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Thursday, May 25, 2017

Giving Parkinson’s Disease the one-two punch — patients benefit from boxing, singing and yoga

According to the Davis Phinney Foundation for Parkinson’s, exercise has been found to improve mood and balance, while reducing stiffness and fatigue. Roberts said there is no medication to slow the disease besides exercise

AURORA | Activities like boxing, singing and yoga might be the best medicine for people with Parkinson’s disease.


At least that’s the opinion of physical therapist Meredith Roberts and musical therapist Rebekah Stewart, who together hosted Parkinson’s Warrior May 19 at the The Aurora Center for Active Adults. The biannual event — another is slated for the fall on a date to be determined — aims to help people with Parkinson’s learn how to battle the disease with exercise and other therapy. Roberts has developed and teaches a host of similar exercise classes in Aurora and around the Denver-metro area, all of them designed to help people cope with Parkinson’s in a healthy way.
“I found Parkinson’s to be the most challenging of the diagnoses,” she said. “When I went to school, there weren’t a lot of options. Give them a walker, give them a wheelchair, make them safe — and that was about it.”
According to the Davis Phinney Foundation for Parkinson’s, exercise has been found to improve mood and balance, while reducing stiffness and fatigue. Roberts said there is no medication to slow the disease besides exercise.
Anne Green, a cheerful 70-year-old who attended the May 19 workshop and is a regular at many of Roberts’ other classes, agreed.
“It’s the only solution to the problem,” she said. “There are lots of programs around, and each group becomes a support group itself.”
At the May 19 workshop, Roberts and Stewart gave examples of home exercises for people with Parkinson’s and explained how and why the exercises help.
“Music and movement is medicine,” Roberts explained.
She said proper exercise for Parkinson’s has to be complex and intense, but fun. Roberts said boxing is one of the best workouts because it includes cardio and requires more thought, like multi-tasking and using muscles asymmetrically.
Research can help determine what works best for each individual, but Roberts said those with Parkinson’s benefit most if they keep a steady routine. Exercising five or six days a week is best, because quitting or taking time off could actually make the pain and stiffness worse, she said.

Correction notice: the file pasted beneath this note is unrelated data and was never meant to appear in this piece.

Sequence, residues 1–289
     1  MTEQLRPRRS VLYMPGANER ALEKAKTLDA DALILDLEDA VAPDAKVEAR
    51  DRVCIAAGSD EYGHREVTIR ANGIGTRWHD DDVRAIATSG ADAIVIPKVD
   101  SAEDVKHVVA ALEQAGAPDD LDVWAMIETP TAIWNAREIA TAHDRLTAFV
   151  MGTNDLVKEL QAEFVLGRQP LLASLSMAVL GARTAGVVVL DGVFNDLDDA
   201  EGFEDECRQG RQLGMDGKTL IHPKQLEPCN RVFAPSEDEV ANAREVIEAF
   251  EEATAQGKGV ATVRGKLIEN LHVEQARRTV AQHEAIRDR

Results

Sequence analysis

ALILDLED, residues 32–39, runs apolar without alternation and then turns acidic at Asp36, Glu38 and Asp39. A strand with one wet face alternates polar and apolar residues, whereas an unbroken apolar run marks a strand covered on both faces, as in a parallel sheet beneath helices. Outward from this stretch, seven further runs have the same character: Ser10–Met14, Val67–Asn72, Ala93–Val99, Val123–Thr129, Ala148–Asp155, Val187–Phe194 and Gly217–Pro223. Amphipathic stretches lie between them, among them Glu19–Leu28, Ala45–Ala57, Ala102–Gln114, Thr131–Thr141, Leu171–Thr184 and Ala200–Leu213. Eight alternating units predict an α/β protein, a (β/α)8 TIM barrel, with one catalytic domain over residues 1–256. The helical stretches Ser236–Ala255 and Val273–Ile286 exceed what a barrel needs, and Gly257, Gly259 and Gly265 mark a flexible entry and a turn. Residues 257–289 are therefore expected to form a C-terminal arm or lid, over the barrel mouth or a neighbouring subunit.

Before getting into a routine, however, Roberts suggested getting the permission from a doctor. After that, she said keeping up with a therapist or coach is recommended for maximum benefits.
“If you don’t use it, you lose it. So, let’s use it, and improve it,” she said. “If we are going to use it like medicine, think of it like medicine.”
A key component to the “medicine” of exercise and physical therapy is music, according to Stewart, because it adds value to the exercise. Tunes substitute as a timekeeper when that part of the brain is unable to do it internally, something Stewart said is called rhythmic auditory stimulation. She said listening to the music while exercising or walking has been found to increase stride lengths and helps muscles work together.
One of the exercises demonstrated was simply walking heel to toe, around a chair, to Johnny Cash’s “Ring of Fire.” As the music went on, the steps to the beat became more synchronized and strides increased.
Another element of music with its own health benefits is singing, which Stewart said loosens the muscles used to swallow and talk. It also helps with that aforementioned multi-tasking or dual-tasking, referred to by Roberts.
To demonstrate, Roberts and Stewart played novelty song “Witch Doctor” and had everyone sing along, exaggerating their facial expressions and achieving exercise — along with some welcome comedic relief.
“‘Witch Doctor’ … always seems to be a crowd-pleaser,” Stewart said. “It is great for working on articulation.”
Nancy Williams Johnson, a sardonic 72-year-old at the workshop who attends many of Roberts’ other classes (including her Parkinson’s support group) said she enjoyed the support the therapists and others in the group offer.
“We learn from each other and support each other,” she said. “We have fun.”
Area Parkinson’s disease activities
Power Punch Boxing 
Led by Meredith Roberts and Alejandro Ayala every Tuesday from 3 p.m. to 4 p.m. at Title Boxing Club, 9650 E. Arapahoe Rd, Greenwood Village. Care partners welcome.
PWR! Class: Exercise for Brain Changes
Led by Meredith Roberts every Wednesday from 11 a.m. to 12 p.m. at Garden Plaza of Aurora Multi Media Room, 14221 E. Evans Ave., Aurora. Care-partners welcome.
Good Vibrations Music and Movement Class
Led by Rebekah Stewart of Rehabilitative Rhythms every Thursday at 1 p.m. at Rehabilitative Rhythms, 2222 S. Fraser St., Unit 2, Aurora.
Parkinson’s Support Group 
Led by Meredith Roberts the second Tuesday of every month from 1 p.m. to 3 p.m. at the Aspen Room, 2888 S. Heather Gardens Way, Aurora.

http://www.aurorasentinel.com/news/giving-parkinsons-disease-the-one-two-punch-patients-benefit-from-boxing-singing-and-yoga/

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